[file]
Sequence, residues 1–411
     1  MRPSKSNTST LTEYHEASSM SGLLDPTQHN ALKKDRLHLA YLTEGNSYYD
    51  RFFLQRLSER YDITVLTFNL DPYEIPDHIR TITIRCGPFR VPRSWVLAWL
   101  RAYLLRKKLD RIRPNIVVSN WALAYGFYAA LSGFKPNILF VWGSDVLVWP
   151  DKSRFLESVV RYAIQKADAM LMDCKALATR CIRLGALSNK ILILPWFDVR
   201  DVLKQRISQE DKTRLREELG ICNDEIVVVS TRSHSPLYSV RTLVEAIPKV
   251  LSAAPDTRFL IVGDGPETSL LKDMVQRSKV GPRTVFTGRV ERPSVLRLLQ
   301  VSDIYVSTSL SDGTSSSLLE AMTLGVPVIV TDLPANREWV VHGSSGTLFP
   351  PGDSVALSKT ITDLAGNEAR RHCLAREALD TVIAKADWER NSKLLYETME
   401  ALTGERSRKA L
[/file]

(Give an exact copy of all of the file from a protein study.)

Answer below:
Sequence, residues 1–411
     1  MRPSKSNTST LTEYHEASSM SGLLDPTQHN ALKKDRLHLA YLTEGNSYYD
    51  RFFLQRLSER YDITVLTFNL DPYEIPDHIR TITIRCGPFR VPRSWVLAWL
   101  RAYLLRKKLD RIRPNIVVSN WALAYGFYAA LSGFKPNILF VWGSDVLVWP
   151  DKSRFLESVV RYAIQKADAM LMDCKALATR CIRLGALSNK ILILPWFDVR
   201  DVLKQRISQE DKTRLREELG ICNDEIVVVS TRSHSPLYSV RTLVEAIPKV
   251  LSAAPDTRFL IVGDGPETSL LKDMVQRSKV GPRTVFTGRV ERPSVLRLLQ
   301  VSDIYVSTSL SDGTSSSLLE AMTLGVPVIV TDLPANREWV VHGSSGTLFP
   351  PGDSVALSKT ITDLAGNEAR RHCLAREALD TVIAKADWER NSKLLYETME
   401  ALTGERSRKA L